AfCTFA agenda to boost China-Africa industrial capacity cooperation: expert

MOMENTOUS: President Cyril Ramaphosa signs the Africa Continental Free Trade Area agreement in Nouakchott.

MOMENTOUS: President Cyril Ramaphosa signs the Africa Continental Free Trade Area agreement in Nouakchott.

Published Jul 14, 2019


INTERNATIONAL – With the African Continental Free Trade Area (AfCFTA) agreement launched into action, Africa and China can cement their already existing industrial production capacity cooperation, a Nigeria-based expert in international relations said in a recent interview with Xinhua.

Charles Onunaiju, who is also director of the Center for China Studies in the Nigerian capital, Abuja, said since there are framework and cooperation arrangements in place, there is an advantage for both partners to make the necessary advancement for African industrial capacity. 

"I think there is a huge prospect in real possibilities in unlocking Africa as the next industrial frontier with the signing of that important document," the expert said. "But it cannot happen on its own, it must be facilitated, it must be driven through policy engagement." 

 The AfCFTA launch occurred on Sunday at the 12th Extraordinary Summit of the African Union (AU) Heads of State and Government in Niamey, capital of Niger. 

 Among its major aspirations, the AfCFTA calls for a single continental market for goods and services, with free movement of business people and investment. 

It also aims to eliminate tariffs among member states, create a market of 1.2 billion people with a combined gross domestic product (GDP) of more than 2.2 trillion US dollars.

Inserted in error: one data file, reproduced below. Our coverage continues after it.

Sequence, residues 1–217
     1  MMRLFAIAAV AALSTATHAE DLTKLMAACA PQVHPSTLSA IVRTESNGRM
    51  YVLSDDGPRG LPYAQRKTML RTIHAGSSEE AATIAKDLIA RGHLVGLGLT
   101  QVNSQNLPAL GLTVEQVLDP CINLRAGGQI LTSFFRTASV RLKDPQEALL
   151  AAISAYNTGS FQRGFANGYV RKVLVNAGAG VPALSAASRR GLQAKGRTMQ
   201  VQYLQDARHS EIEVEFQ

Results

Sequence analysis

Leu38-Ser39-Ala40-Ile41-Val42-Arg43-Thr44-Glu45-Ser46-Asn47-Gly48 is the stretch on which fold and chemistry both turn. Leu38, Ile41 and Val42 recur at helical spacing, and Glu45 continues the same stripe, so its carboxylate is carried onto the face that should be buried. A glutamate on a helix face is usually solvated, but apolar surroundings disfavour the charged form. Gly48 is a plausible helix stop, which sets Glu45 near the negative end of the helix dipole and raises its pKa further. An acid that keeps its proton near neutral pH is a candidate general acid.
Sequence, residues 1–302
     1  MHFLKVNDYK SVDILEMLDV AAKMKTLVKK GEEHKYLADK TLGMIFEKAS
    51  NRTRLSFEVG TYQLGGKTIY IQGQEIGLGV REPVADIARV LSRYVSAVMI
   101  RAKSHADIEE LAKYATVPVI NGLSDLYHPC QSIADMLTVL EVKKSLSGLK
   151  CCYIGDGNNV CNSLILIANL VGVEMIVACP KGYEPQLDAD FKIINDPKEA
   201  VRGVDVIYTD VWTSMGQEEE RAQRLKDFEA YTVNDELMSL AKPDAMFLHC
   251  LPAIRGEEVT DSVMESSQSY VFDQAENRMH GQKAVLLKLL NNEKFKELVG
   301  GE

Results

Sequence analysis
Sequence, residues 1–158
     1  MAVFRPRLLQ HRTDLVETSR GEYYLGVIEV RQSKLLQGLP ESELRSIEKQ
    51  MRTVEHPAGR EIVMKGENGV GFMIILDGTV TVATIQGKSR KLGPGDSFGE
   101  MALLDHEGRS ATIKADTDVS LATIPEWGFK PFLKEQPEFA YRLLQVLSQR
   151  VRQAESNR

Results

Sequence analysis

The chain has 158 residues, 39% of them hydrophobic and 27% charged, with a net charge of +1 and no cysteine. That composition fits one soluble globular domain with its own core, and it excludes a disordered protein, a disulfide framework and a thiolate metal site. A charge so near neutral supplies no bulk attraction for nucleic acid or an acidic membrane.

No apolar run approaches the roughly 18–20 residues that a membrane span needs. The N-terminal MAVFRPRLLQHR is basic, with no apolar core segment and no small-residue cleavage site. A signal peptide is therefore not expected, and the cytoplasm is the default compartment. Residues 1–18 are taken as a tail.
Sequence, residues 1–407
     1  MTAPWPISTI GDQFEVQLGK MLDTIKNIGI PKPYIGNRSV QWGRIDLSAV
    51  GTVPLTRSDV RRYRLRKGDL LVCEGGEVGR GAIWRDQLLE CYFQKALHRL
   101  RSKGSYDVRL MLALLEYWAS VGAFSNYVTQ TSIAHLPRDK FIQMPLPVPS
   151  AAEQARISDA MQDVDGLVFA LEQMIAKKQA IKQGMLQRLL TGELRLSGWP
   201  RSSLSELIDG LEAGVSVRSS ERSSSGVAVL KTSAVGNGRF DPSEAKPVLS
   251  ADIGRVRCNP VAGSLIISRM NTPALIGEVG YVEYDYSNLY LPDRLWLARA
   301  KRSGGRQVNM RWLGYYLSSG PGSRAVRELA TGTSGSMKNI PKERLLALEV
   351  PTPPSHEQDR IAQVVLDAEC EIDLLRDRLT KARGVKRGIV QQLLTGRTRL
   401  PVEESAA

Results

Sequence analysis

Some African leaders, including Nigerian President Muhammadu Buhari, had earlier expressed the opinion that Africa needs not only a trade policy but also a continental manufacturing agenda. 

Onunaiju said that with Africa having a single market, what the drivers of the initiative and general stakeholders need right now is to put the right industrial policies in place and make effective some other key issues, including policy consistency, harmonizing policies and custom duties.

 Likewise, there is a need for Africa to take advantage of the industrial prospects of the new free trade area which is the nitty-gritty for building a common market, he noted. 

"We have to find convergence on key areas like industrial policies, policy alignment, policy networking. You can't have divergence policies, some of them openly antagonistic to each other, and you are talking about a free trade area. So, you have to create some synergies and convergences, if you want to really make the free market beyond rhetoric and slogan," he told Xinhua. 

Enhancing industrial cooperation was among the ten major China-Africa cooperation plans proposed by China at the December 2015 Forum on China-Africa Cooperation (FOCAC) summit held in Johannesburg, while it was also part of the eight major initiatives rolled out at the September 2018 FOCAC summit held in Beijing, he recalled. 

 "I think if Africa seizes the moment... If Africa engages this process of industrial and capacity cooperation with China, a lot more creatively, it can go a long way to provide the industrial foundation that Africa needs," added Onunaiju, who has written several books on China-Africa cooperation.


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